This isn’t something that can happen overnight nor is there a checklist or template to complete. It is actually time t0 engage and lead your tribe as an instructional leader. Remember, we must guide, listen, push/pull, adopt/adapt, and change. We must value creativity, innovation, play, risks, and disagreements. We must understand chaos, fear, and professionalism. We must see this as a start with no true end but a natural part of what we do – evolve!
I just finished Seth Godin’sTribes and while there is a lot to discuss in terms of leadership and change, two ideas stuck with me upon closing the book: fear and stupidity.
For some reason, fear is ingrained in the culture of schools today: teachers, administrators, and students. Students have learned to play the academic game and fear taking academic risks. Teachers see status quo as a state of comfort and fear change. Administrators seek perfection at the expense of movement and fear what they don’t understand and can’t control.
Is it really any wonder why education is in its current state?
But that is just it. As Godin (2008) says, “the levers are here. The proof is here. The power is here. The only thing holding you back is your own fear. Not easy to admit, but essential to understand” (p. 44). And that is just it. We know what needs to happen. We have the research. We have the means. So, why aren’t we?
The why aren’t we is something I continue to struggle with as I read book after book, research report after research report on what needs to happen. If it is so clear and so obvious, I just struggle (and no, it isn’t my “it needs to happen yesterday personality”).
But I think Godin has painted a clear picture for me. Education is just stuck, stuck on stupid:
When the world changes, the rules change. And if you insist on playing today’s games by yesterday’s rules, you’re stuck. Stuck with a stupid strategy. Because the world has changed. Some organizations are stuck. Others move quickly. In a changing world, who’s having more fun? (p. 111)
While fun is great, let me alter this a bit: Some schools are stuck. Others are evolving. In the 21st Century, who is better preparing students for the world of today and tomorrow?
Better yet, which one is your school: stuck in stupid or rooted in innovation?
Godin, Seth. Tribes: We Need You to Lead Us. Ottawa: Portfolio Hardcover, 2008.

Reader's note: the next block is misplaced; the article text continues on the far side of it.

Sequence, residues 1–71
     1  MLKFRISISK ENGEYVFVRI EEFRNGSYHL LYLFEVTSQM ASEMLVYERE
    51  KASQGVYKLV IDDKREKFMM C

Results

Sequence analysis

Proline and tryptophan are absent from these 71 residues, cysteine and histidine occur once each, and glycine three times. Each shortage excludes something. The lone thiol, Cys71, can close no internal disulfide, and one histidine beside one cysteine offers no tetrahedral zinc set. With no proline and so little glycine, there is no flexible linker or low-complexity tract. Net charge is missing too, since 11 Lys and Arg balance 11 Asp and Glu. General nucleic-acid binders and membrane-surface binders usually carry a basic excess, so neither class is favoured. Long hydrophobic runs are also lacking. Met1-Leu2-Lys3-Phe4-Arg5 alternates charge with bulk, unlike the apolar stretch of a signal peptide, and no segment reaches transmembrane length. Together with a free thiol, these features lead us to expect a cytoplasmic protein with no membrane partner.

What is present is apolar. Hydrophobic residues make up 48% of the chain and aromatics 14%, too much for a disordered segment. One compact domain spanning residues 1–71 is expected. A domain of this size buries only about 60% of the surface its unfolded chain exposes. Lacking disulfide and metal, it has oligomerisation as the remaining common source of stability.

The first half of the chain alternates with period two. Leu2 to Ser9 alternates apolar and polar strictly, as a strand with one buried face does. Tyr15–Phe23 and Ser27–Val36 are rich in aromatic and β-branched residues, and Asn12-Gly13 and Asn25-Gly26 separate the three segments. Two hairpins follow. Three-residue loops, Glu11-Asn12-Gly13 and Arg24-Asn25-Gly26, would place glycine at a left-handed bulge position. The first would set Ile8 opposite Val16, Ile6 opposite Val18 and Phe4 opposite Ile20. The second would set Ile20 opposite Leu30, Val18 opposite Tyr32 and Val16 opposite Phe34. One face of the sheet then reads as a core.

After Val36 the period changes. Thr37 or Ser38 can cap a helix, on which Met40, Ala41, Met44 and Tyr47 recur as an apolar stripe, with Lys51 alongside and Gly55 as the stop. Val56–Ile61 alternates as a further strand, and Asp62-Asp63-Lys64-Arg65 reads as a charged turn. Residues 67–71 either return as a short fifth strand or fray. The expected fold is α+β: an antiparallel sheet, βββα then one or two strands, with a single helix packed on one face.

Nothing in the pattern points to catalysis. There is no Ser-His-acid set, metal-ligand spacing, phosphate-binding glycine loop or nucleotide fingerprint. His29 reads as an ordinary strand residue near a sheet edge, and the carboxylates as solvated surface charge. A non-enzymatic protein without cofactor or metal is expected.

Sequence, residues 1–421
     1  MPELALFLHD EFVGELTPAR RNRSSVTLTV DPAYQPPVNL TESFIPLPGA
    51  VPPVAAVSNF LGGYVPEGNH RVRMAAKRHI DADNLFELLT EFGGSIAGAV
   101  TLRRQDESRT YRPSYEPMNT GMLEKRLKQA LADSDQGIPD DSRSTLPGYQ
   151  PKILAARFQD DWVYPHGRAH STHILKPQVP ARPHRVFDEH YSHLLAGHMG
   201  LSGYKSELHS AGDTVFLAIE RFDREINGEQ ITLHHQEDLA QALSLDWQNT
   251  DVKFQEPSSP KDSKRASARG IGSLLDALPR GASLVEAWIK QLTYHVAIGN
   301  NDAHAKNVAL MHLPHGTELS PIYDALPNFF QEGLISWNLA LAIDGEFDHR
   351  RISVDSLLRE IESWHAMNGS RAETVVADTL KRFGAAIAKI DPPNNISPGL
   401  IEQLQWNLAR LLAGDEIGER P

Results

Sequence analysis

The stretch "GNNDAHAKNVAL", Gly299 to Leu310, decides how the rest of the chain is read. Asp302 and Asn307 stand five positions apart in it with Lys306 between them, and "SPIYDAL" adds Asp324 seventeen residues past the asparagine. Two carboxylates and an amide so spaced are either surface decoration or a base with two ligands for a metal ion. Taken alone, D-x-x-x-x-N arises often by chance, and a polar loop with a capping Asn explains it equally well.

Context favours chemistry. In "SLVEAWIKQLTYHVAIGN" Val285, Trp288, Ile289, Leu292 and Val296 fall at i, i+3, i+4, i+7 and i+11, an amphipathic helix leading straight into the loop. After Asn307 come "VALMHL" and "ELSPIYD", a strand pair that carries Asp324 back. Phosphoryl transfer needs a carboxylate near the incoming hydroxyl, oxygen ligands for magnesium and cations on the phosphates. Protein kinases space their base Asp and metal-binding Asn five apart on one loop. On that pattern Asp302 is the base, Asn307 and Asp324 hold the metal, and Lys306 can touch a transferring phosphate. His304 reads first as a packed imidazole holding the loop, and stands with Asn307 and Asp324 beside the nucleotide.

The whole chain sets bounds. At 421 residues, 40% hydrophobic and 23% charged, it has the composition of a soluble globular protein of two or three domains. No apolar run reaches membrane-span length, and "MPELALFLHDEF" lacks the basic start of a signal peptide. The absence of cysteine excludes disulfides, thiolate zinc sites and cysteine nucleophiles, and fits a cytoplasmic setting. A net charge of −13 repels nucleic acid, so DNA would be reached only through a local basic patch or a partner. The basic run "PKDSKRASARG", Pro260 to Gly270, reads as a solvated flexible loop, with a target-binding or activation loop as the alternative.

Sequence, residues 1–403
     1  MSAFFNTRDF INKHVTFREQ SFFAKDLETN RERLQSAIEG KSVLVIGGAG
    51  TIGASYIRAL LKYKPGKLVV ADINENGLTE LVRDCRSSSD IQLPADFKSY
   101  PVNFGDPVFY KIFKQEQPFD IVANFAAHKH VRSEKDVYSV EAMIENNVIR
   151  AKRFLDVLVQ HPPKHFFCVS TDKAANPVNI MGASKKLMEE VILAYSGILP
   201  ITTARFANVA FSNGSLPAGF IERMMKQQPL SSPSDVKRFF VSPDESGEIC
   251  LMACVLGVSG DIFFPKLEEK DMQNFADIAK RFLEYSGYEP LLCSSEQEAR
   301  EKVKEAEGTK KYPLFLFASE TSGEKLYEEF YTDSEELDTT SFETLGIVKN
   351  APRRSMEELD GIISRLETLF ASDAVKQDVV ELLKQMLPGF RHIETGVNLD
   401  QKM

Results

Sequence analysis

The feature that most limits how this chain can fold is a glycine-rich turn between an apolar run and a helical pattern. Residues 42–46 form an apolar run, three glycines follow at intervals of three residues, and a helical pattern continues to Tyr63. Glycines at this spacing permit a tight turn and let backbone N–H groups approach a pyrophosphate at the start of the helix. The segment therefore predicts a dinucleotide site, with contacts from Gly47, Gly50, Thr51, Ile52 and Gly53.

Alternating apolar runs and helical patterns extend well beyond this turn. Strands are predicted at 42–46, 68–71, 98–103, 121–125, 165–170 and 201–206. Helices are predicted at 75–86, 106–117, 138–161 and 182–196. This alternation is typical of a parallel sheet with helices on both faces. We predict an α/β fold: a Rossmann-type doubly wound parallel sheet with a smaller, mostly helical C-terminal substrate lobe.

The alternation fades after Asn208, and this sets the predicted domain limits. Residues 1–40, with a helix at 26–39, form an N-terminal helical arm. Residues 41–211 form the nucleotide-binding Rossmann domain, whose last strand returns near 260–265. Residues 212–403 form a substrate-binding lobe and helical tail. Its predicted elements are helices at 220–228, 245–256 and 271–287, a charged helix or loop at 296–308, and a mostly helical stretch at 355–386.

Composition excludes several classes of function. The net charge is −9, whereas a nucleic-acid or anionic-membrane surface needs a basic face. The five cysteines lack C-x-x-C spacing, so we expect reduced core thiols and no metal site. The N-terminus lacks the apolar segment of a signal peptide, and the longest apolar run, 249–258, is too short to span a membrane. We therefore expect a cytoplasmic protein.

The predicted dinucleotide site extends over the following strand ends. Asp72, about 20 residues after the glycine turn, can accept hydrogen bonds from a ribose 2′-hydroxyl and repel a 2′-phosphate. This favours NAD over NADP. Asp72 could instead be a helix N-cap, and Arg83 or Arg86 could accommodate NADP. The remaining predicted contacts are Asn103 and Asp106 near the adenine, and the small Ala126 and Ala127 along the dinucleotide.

You’ve reached a point where the web 2.0 tools are beginning to reach a systemic level in your school. More and more teachers are shifting to technoconstructivists and have transformed their classes into student-centered learning communities that no longer function as one-room school houses. The school culture is becoming more collaborative and innovative. There is great excitement at the possibilities but then the bottom falls out. One by one, the free web 2.0 tools that this entire movement is based upon start to charge and no one accounted for funding because web 2.0 equals free.
Okay, this is quite an exaggeration (on all levels) but free and web 2.0 may be heading down a path where they are no longer synonymous with each other as seen with the recent move by Gcast and the rumors of Twitter. For schools, it is causing us to really consider web 2.0 within the framework of Total Cost of Ownership, a vital part of fiscal management for schools in order to fully assess the full cost of an investment.
Total Cost of Ownership 2.0 Questions
Is the tool valuable enough to student achievement to allocate funds to it?
Is the tool valuable enough to adult learning to allocate funds to it
If the tool is being promoted systemically, can your school secure funding for an annual subscription for the tool?
Have you considered open source alternatives (ex. Grou.ps instead of Ning)?
Depending on the companies contractual commitment to data storage and security, what in-house data storage and transfer plans are in place in case the company closes its doors?
What funds are allocated for professional development given the possibility that a paid tool may mean less resources available online?
By no means is this meant to discourage the use of web 2.0 tools nor do I have any inside knowledge about specific companies and their tools. However, one needs only to look at the current economy combined with the business models driving many of these web 2.0 companies to see the potential for a perfect storm.
Because of that, the responsibility of sustained tech infusion is on those attempting to bring the philosophy and tools of web 2.0 to schools, which means it is time to link Total Cost of Ownership with our advancement of the philosophy and tools of Web 2.0.
For most of my youth, I heard about this annoying characteristic that I possessed: curiosity. When I was younger, it was “Ryan, curiosity killed the cat”. As I got older, it was “Ryan, I’m calling your parents” or “Ryan, go to the office”.
See, there was something about curiosity that didn’t sit well with classroom management plans and structured lesson plans.
I’m not special. This surely happened to many others and sadly happens today in schools around the globe. I was just lucky that I couldn’t focus long enough on their frustrations to change.
Today, this concerns me not only for students but adults, too. It concerns me on an organizational level.
How do schools view curiosity organizationally: a hindrance or an advantage? Do we become annoyed by those that seek new paths, show excitement with challenges, push others to explore, and cause immense chaos?
True leaders foster a culture that values natural curiosity because we understand that by openly embracing genius and curiosity, we’ll finds paths previously unseen and even imagined.